, , , , ,

No Comments

Taliban Attack Karachi Airport

From The New York Times:

A squad of militant commandos, disguised as government security forces, stormed Karachi’s international airport after dark. They carried food, water and ammunition, apparently in preparation for a long siege, and big ambitions: perhaps to hijack a commercial airliner, government officials said Monday, or to blow up an oil depot, or to destroy airplanes on the tarmac.

, , ,

No Comments

Where Will MRAPs Go After Afghanistan Withdrawl?

From Military Times:

“USFOR-A does not provide or intend to provide any such equipment, including MRAPs, from Afghanistan to Pakistan,” the statement says.

, , , ,

No Comments

Churches Bombed in Pakistan

From Al Jazeera:

“There were blasts and there was hell for all of us,” said Nazir John, who was at the church with at least 400 other worshippers. “When I got my senses back, I found nothing but smoke, dust, blood and screaming people. I saw severed body parts and blood all around.”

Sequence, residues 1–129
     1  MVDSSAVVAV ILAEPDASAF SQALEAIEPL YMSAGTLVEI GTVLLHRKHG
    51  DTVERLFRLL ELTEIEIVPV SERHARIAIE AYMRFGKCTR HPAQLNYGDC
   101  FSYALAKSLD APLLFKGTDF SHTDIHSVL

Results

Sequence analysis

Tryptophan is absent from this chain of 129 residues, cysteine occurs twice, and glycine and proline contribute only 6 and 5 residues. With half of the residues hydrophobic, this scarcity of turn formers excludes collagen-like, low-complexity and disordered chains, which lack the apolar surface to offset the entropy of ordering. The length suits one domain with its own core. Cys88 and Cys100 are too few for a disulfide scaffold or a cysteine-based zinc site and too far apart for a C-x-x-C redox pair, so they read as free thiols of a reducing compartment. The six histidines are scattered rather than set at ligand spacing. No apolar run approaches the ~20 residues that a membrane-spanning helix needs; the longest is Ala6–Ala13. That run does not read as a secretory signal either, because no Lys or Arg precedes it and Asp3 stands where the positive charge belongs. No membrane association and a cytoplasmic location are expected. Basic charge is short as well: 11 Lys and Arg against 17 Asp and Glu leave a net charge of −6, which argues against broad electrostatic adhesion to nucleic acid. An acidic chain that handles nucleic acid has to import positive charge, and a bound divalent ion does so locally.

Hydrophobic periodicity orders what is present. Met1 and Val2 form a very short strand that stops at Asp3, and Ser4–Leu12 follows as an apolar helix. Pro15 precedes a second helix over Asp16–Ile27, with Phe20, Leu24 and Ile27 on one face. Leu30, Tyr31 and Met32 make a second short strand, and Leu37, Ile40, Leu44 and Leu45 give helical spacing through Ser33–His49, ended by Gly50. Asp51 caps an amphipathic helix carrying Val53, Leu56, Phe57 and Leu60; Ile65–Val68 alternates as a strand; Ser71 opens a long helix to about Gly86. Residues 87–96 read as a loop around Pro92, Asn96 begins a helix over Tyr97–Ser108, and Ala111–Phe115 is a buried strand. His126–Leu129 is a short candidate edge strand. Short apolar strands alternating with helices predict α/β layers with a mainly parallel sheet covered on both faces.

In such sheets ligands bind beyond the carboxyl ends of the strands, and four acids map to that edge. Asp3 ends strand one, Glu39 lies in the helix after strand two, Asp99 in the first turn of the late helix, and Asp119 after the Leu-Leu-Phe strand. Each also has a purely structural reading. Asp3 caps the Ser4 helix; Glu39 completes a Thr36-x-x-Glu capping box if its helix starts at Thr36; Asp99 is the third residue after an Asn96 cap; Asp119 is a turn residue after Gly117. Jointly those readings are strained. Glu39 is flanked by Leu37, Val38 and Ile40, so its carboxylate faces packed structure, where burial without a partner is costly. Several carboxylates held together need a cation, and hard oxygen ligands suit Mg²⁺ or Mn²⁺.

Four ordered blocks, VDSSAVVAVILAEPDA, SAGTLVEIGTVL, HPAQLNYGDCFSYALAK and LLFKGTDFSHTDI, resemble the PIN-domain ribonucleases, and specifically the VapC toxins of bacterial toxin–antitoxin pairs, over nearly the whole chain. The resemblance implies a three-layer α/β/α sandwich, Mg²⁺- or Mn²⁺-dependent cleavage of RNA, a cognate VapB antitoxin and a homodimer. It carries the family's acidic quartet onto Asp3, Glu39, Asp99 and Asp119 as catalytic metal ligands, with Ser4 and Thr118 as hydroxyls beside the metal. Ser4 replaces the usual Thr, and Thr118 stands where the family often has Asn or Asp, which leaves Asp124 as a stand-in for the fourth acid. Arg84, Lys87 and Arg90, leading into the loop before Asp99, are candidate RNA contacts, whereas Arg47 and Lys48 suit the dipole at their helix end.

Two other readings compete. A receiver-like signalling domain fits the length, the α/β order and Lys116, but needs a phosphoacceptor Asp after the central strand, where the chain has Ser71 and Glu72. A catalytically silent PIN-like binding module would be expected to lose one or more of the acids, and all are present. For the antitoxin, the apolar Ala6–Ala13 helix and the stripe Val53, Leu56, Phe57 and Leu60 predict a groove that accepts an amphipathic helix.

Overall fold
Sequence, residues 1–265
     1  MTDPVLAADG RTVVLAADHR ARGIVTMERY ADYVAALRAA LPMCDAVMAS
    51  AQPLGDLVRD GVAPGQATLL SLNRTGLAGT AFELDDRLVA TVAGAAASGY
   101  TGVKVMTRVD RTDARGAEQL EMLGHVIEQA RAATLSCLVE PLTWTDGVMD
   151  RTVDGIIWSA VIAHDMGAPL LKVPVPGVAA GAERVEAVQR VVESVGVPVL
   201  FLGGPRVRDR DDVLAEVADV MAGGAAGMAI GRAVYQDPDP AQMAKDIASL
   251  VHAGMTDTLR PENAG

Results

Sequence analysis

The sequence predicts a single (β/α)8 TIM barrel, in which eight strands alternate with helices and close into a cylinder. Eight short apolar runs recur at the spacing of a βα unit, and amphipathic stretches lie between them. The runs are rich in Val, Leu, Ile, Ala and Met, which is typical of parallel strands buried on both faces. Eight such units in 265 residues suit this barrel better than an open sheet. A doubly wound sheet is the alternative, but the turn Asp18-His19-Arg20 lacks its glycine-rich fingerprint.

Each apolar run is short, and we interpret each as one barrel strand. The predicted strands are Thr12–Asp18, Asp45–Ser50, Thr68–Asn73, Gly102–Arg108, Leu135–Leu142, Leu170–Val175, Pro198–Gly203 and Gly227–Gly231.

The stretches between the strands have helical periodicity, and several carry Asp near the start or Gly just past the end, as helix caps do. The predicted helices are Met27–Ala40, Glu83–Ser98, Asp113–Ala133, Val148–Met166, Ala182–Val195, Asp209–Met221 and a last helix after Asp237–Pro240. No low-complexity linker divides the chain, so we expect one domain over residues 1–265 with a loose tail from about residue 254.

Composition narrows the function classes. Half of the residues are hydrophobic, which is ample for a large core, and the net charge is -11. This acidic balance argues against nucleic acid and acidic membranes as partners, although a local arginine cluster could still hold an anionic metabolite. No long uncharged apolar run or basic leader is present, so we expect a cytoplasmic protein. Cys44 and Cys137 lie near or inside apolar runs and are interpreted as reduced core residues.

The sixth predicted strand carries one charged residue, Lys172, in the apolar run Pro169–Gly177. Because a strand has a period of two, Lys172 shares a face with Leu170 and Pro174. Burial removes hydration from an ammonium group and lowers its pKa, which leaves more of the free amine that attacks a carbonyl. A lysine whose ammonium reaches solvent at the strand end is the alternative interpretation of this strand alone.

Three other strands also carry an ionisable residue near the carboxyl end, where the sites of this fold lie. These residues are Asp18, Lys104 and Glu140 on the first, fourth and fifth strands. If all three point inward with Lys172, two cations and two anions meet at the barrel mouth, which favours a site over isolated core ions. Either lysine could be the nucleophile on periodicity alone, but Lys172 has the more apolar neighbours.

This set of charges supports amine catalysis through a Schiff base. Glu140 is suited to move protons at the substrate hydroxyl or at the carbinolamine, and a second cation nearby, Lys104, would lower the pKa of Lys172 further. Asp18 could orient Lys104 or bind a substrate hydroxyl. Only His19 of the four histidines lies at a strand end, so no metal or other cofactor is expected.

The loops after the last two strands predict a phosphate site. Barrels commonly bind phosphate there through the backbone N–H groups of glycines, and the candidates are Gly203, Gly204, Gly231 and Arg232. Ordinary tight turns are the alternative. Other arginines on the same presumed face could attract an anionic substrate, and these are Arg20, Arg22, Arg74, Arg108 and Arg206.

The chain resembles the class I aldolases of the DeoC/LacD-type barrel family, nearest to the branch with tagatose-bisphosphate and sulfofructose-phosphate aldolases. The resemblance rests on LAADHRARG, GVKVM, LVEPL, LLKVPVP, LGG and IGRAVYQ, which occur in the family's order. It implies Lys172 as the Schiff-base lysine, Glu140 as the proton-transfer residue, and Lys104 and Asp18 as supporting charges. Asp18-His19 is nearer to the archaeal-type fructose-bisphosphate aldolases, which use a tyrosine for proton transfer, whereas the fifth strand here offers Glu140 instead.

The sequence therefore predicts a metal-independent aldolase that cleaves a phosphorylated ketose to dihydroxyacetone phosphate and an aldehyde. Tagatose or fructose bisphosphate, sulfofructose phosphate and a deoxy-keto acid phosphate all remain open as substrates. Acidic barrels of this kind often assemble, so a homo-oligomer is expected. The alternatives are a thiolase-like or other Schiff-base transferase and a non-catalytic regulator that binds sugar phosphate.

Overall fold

, , ,

No Comments

Pakistani Senteced on Terrorism Charges

From the FBI:

A Pakistani native who operated a Chicago-based immigration business was sentenced today to 14 years in prison for conspiracy to provide material support to a terrorist plot in Denmark and providing material support to Lashkar e Tayyiba, a terrorist organization operating in Pakistan that was responsible for the November 2008 attacks in Mumbai, India. The defendant, Tahawwur Hussain Rana, was convicted of the charges on June 9, 2011, following a three-week trial in U.S. District Court in Chicago.

, , , , , ,

No Comments

Avoiding the Wars That Never End